Inventory Garden & Designed Landscape

WEDDERBURNGDL00383

Status: Designated

Documents

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Summary

Date Added
01/07/1987
Last Date Amended
01/12/2011
Local Authority
Scottish Borders
Parish
Duns
NGR
NT 80832 52851
Coordinates
380832, 652851

Parks and mature woodland form an attractive setting for Wedderburn Castle. The castle, distinctive lion gate and high policy walls, are notable for their architectural merit and form prominent landmarks in the surrounding lowland landscape.

Type of Site

A late 18th-century estate with striking estate architecture developed on the site of an older tower house.

Main Phases of Landscape Development

1770s-1790s, 1820s

Importance of Site

A site included in the Inventory is assessed for its condition and integrity and for its level of importance. The criteria used are set out in Annex 5 of the Scottish Historic Environment Policy (December 2011). The principles are represented by the following value-based criteria and we have assigned a value for each on a scale ranging from outstanding value to no value. Criteria not applicable to a particular site have been omitted. All sites included in the Inventory are considered to be of national importance.

Work of Art

Value
Little

Architectural flamboyance may have taken precedence over wider landscape-gardening work and although the designed landscape is attractive, there is no current evidence to suggest that it was ever particularly valued for its artistic merit.

Historical

Value
Outstanding

Late 18th-century estate plans, together with the copious Home of Wedderburn archive, provide significant historical value for this site

Horticultural, Arboricultural, Silvicultural

Value
None

Apart from a few remaining veteran trees, there are no horticultural specimens or collections of interest at Wedderburn.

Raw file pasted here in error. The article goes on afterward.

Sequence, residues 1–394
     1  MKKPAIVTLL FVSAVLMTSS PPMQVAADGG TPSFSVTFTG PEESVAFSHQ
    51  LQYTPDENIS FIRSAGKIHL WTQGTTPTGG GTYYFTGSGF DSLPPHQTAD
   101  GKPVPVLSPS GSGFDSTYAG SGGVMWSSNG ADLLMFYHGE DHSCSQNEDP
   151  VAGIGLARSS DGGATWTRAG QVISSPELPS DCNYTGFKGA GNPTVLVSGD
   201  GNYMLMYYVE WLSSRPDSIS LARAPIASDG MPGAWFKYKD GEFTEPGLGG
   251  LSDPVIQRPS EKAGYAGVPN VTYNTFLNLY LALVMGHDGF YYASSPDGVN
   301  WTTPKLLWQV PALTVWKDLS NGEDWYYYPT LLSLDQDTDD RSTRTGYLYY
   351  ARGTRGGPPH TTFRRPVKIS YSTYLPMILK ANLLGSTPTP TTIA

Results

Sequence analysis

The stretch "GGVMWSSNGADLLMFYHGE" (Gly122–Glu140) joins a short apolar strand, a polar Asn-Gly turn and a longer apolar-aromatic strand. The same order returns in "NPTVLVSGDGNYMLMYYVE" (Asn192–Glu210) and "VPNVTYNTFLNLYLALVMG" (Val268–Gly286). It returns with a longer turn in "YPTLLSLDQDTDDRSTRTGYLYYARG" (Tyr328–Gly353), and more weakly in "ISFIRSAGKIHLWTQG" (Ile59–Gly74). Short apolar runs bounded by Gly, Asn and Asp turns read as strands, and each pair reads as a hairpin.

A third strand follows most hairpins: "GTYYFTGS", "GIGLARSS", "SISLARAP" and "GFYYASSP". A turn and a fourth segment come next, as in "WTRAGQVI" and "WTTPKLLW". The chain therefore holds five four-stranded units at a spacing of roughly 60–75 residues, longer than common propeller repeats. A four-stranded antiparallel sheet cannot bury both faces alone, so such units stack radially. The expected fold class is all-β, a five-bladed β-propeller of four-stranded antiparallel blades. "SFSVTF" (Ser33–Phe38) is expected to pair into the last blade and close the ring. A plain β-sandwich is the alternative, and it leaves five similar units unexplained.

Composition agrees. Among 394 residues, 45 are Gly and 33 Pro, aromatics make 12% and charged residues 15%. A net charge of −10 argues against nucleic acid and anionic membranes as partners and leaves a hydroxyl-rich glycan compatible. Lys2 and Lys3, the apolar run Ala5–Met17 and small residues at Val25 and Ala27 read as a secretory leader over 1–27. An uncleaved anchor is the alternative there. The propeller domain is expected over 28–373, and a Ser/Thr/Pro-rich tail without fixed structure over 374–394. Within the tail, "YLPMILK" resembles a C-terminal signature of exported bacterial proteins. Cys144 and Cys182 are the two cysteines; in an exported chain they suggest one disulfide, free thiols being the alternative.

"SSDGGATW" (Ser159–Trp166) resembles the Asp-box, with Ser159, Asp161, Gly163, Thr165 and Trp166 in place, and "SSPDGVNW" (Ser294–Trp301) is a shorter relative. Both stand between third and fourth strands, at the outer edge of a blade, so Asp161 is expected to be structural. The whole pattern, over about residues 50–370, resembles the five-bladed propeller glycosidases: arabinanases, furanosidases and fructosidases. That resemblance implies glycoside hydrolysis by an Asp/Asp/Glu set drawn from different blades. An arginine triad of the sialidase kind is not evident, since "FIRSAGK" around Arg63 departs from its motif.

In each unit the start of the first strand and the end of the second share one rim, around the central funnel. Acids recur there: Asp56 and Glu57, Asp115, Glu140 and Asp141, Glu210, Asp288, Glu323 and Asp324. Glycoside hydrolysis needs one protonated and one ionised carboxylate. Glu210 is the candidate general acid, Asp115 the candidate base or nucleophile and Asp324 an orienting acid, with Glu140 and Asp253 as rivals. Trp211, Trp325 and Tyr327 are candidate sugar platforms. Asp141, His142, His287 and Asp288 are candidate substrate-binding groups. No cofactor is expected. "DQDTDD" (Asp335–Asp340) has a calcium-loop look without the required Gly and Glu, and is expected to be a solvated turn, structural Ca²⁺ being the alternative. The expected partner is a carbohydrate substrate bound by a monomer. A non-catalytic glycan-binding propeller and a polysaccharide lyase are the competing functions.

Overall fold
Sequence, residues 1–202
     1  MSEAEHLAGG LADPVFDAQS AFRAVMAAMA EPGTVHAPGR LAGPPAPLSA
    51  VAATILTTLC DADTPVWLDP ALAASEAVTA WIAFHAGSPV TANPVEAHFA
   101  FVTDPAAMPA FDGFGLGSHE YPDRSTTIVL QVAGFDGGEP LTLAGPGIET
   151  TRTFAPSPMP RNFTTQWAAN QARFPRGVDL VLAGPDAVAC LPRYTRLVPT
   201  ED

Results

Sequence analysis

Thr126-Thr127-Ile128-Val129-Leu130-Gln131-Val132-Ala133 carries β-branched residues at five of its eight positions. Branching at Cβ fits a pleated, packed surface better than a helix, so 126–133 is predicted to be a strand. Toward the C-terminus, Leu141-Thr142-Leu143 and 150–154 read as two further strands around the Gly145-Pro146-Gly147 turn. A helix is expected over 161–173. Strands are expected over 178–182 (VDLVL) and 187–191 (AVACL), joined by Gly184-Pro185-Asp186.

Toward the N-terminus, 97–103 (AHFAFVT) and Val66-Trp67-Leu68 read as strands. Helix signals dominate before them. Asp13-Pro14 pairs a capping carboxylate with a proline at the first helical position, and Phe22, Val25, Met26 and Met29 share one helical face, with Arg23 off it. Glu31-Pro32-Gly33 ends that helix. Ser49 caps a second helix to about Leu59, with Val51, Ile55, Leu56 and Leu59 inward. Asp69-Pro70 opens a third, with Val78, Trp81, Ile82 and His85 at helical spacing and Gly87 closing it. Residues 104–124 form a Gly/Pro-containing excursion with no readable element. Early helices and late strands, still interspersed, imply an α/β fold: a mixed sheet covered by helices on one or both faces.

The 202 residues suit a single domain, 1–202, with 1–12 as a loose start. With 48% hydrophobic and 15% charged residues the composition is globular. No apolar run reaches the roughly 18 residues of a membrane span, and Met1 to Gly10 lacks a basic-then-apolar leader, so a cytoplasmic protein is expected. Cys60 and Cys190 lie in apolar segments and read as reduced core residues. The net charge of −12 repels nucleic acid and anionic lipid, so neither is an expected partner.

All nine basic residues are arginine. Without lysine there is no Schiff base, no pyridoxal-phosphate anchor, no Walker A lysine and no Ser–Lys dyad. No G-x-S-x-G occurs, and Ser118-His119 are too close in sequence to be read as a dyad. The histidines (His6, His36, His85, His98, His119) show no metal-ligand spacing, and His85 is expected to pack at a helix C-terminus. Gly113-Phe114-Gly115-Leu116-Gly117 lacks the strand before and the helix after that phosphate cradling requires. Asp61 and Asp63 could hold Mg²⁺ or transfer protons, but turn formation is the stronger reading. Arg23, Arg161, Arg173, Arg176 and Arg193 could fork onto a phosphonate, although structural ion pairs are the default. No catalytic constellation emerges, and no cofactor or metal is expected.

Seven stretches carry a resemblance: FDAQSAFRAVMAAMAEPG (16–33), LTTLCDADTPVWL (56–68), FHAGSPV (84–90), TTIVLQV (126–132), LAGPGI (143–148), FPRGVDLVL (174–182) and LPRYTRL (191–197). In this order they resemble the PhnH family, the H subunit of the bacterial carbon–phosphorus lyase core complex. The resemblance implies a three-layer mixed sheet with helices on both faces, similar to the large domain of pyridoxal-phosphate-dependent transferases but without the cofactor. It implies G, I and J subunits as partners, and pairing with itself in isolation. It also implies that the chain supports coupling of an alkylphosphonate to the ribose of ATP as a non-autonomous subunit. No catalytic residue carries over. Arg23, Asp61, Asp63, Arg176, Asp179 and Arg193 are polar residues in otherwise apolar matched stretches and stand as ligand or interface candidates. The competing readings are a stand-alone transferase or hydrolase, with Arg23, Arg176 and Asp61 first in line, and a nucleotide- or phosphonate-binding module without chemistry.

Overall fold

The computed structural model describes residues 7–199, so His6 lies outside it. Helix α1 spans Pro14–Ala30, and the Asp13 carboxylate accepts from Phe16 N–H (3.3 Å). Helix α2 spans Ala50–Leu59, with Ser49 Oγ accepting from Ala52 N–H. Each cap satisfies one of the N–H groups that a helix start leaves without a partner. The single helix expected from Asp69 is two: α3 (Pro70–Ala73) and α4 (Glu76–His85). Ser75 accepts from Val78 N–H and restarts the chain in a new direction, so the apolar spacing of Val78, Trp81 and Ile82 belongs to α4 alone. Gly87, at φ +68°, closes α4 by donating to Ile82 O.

Architectural

Value
Outstanding

The designed landscape forms the setting for Wedderburn Castle, designed by Robert and James Adam and recognised for its outstanding architectural interest. Other features of acknowledged merit include the west gate and stable block, and, most notably, the grand late 18th century lion-gate and tall policy wall.

Scenic

Value
High

The unusual policy wall and Wedderburn Castle itself form striking landmarks within the open views of the local landscape. The mixed woodland canopy at the centre of the designed landscape, meanwhile, adds interest to views otherwise dominated by arable farmland.

Nature Conservation

Value
Outstanding

Langton Burn, which crosses the southern area of the designed landscape, forms part of the River Tweed Special Area of Conservation, designated to protect diverse riverine habitats, flora and fauna.

Archaeological

Value
Little

Archaeological material associated with the burial ground enclosure within the policies provides minor interest. Otherwise, value in this category derives mainly from the potential for future investigation or survey to reveal further information about the landscape over time.

Location and Setting

Wedderburn lies within the agricultural heartland of the Berwickshire Merse. Located less than 2 miles (3km) to the south east of Duns, the designed landscape is bounded by distinctive policy walls and by minor roads to the north and west. Drained by Langton Burn, a tributary of the Blackadder Water, the policies occupy low-lying ground typical of the wider landscape, which is characterised by open views, arable farmland and the undulations of drumlins, (elongated ridges of glacial drift). Wedderburn Castle stands at the centre of the policies and, together with the near-continuous line of the late 18th-century boundary walls, forms a striking landmark from certain local vantage points. Apart from the core area around the house, land use within the policies is primarily arable farming. The designed landscape encompasses a total area of 152ha (376ac).

Site History

Wedderburn has remained under the ownership of the Home family since the 15th century. The present designed landscape, however, can be attributed to building and improvement projects of the later 18th century when the period of conflict and loss suffered by previous generations had passed. The participation of George Home in the Jacobite uprising of 1715 had proved one of the last crisis points of that era. Wedderburn, along with other family lands, had suffered forfeiture and was saved only through the intervention of a kinsman, Reverend Ninian Home of Billie. Ninian succeeded in both entailing the property back to George's descendents and, after marrying the eldest daughter, in fathering the next heir, Patrick Home (1728-1809).